Could you take me through the process of preparing for one of your gigs, please? How do you select the tracks you like to play, how do you prepare and how do you decide on the opening phase of your set? 

I listen to new music and put the tunes into folders depending on what month I downloaded them. That is it. I usually travel with four or five 32 gig USB flash drives so that’s plenty of music. I upgrade these all the time. Of course I listen to new WAVs a couple of times before spinning them, in just the same way I’d listen too new vinyl before spinning it. I never prepare a set before hand and have no clue what I’m going to play or start off with until I hear the last tune of the DJ before me, unless I’m opening up and playing an extended set, in which case I’ll start very deep and beautiful to make people feel the love as they enter. I’d then build from there and have no clue where it’s going to go.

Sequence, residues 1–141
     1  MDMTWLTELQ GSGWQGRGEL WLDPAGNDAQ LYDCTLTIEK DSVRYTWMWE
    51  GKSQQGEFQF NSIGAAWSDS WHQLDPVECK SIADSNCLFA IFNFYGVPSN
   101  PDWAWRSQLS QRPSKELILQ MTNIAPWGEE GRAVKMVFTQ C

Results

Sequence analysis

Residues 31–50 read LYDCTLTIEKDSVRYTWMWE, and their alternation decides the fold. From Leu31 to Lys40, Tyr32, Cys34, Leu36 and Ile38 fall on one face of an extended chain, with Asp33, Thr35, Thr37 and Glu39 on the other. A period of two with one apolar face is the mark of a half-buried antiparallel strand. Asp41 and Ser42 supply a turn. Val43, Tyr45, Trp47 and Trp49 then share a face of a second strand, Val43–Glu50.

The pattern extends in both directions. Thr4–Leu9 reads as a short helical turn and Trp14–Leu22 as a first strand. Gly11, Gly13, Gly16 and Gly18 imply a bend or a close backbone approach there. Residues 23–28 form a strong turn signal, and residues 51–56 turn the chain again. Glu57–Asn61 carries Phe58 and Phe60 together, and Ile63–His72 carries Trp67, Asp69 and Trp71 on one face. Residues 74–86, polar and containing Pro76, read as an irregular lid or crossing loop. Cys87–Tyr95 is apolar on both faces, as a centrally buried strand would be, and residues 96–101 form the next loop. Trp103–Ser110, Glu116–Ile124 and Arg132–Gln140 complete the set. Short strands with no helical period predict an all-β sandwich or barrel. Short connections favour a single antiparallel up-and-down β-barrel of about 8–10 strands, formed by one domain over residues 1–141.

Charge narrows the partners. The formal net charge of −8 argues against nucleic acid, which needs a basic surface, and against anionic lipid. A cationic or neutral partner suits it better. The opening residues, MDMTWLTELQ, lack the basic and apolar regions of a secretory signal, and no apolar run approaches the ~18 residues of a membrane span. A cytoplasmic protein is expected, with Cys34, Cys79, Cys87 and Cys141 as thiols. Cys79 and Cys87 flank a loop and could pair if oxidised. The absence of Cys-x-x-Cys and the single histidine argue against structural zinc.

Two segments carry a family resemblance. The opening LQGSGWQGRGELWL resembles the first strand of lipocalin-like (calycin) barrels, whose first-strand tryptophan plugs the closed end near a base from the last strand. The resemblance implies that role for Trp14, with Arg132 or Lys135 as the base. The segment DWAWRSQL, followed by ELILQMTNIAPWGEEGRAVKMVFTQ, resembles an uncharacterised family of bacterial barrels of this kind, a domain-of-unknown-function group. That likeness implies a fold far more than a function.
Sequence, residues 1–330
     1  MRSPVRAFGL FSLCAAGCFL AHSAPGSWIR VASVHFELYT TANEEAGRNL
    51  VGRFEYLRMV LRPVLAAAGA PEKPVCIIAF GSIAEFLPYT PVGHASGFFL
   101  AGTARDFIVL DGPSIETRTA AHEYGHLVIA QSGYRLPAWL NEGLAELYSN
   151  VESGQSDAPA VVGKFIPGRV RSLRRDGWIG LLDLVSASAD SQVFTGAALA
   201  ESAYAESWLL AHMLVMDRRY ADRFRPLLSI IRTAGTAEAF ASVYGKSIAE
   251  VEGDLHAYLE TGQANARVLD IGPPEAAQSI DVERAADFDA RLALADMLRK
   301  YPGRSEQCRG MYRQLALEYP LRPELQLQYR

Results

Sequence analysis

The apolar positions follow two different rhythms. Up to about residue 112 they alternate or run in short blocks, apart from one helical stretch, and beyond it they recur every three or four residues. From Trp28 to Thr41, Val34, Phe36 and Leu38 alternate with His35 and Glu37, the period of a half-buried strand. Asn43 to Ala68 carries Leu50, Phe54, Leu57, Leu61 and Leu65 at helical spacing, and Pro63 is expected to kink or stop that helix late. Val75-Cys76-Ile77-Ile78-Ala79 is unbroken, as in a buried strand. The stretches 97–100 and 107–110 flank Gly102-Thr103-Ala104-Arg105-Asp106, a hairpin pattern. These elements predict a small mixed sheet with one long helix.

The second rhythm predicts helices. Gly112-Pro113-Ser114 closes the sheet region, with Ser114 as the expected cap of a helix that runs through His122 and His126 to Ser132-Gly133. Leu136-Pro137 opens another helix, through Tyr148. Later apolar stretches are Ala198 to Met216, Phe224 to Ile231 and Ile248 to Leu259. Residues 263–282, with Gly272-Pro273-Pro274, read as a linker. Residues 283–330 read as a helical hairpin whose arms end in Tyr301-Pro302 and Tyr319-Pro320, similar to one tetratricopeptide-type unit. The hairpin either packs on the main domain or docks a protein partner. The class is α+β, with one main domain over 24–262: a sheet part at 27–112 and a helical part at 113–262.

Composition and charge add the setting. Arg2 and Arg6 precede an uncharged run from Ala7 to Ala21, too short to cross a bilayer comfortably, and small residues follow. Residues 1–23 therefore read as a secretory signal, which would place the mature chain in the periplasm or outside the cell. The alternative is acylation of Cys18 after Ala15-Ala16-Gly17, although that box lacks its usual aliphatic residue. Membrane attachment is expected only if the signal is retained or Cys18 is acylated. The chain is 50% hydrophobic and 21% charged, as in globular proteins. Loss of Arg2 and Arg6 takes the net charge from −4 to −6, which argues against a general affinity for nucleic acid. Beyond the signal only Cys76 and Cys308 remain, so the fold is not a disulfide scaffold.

What constitutes great mixing from your point of view? What are some of the sets that have personally impressed you over the years? 

Great mixing is when a DJ is one with the crowd, not separate from it and he or she feels what is needed in just the same way the dance floor feels what’s needed and that means great tune selection and dropping tunes at the right time in the right way. Of course the beat matching should be immaculate, that goes without saying, as there is no excuse for sloppy mixing. 

There are many DJs that have impressed me over the years. Eddie Richards, Colin Faver and Danny Tanaglia in the early days, then the likes of Magda, Danny Daze, Lee Burridge, Alexi Delano, DJ Qu, Chloé, Steve Bug, Matthias Tanzmann, Davide Squillace and I love live sets by Mathew Jonson, Marc Houle, Dance Spirit and [a]pendics.shuffle and others. There are actually so many DJs I’ve loved over the years that I could go on forever.